Monday 21 April 2014

Prescribing the right tablets

Maybe you received a shiny new device at Christmas or you're thinking of picking up a laptop or iPad in the sales. Here, Technology Editor Adrian Weckler gives you his guide to the best hardware and how to get the most out of it

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Tablets are increasingly popular

In an age of and, it is getting harder for Irish homes to function smoothly without some sort of computer. Here are a few tips you need to know when choosing a PC or a tablet.


Should you buy an iPad or an Android tablet? Which is best value? Which has the best features? Which is simplest to use? Here's a quick guide to what you need to consider when choosing your tablet PC.

The basics: If you're a total beginner, here's the first thing you need to know: there are two basic kinds of tablet PC. These are (i) the iPad, and (ii) the Android tablet. Both look fairly similar but they use slightly different interfaces (also called 'operating systems'). Only iPads use Apple's interface (called iOS), whereas lots of tablets (Sony, Toshiba, Prestigio and more) use Google's Android interface. Tablet PCs can do most of the things people want from a computer: internet browsing, shopping, Facebook, Skype, email and other everyday activities. They often have longer battery lives than laptops and they switch on and off much quicker, too.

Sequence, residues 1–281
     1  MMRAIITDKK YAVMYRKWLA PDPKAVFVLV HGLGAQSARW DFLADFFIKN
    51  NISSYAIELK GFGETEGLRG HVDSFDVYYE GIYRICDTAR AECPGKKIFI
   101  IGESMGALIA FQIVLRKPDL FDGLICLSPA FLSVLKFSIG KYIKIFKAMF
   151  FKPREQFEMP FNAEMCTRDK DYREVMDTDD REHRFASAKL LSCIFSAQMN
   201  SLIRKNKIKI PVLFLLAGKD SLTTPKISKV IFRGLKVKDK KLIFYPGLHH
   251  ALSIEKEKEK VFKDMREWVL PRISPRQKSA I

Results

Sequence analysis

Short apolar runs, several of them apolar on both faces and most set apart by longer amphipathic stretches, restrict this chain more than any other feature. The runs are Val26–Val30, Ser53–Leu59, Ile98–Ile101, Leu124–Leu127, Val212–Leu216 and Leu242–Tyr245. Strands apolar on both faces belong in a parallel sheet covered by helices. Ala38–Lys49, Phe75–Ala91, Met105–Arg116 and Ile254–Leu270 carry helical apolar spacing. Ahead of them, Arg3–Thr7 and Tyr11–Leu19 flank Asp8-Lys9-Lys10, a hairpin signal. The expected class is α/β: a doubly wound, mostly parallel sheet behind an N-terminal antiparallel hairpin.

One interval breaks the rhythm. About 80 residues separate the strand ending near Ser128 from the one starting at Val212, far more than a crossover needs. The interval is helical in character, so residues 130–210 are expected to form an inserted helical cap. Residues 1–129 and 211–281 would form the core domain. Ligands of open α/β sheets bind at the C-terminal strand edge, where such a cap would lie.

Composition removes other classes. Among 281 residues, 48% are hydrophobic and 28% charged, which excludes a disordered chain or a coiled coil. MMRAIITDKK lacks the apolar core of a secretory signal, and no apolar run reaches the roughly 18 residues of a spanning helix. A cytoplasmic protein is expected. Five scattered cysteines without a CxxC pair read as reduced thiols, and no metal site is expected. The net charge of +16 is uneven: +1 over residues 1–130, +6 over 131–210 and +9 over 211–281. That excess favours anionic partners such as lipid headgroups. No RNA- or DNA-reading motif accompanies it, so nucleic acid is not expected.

Apps: Here, the iPad has a slight advantage. There are more apps specifically designed for iPads (300,000) than there are for Android tablets (under 50,000). Also, all iPads come with an app store, while some budget Android tablets -- especially those costing under €100 -- do not.

Price: Android tablets have the edge here. The cheapest iPad available -- an eight-inch, 16GB iPad mini model -- costs €340. By comparison, a seven-inch, 32GB Google Nexus 7 costs €260.

Specifications/power: How many gigahertz (Ghz) should your tablet have? What about Ram memory? What about storage memory? The top tablets now have high-end 'quadcore' processors, 2GB of Ram and at least 16GB of storage memory. Entry-level models generally start with single-core 1Ghz processors, 512MB of Ram and from 4GB of memory.

If you can afford a model with a dual-core (or better) processor, and at least 1GB of Ram, it's a sound investment: your tablet will run more smoothly. 16GB is generally enough storage memory for most people: if you want more, online services such as Dropbox and Google Drive give you lots of free storage space.

Some features can only be found on higher-end models -- like GPS and Blue-tooth, both of which are handy to have.

Irish Independent

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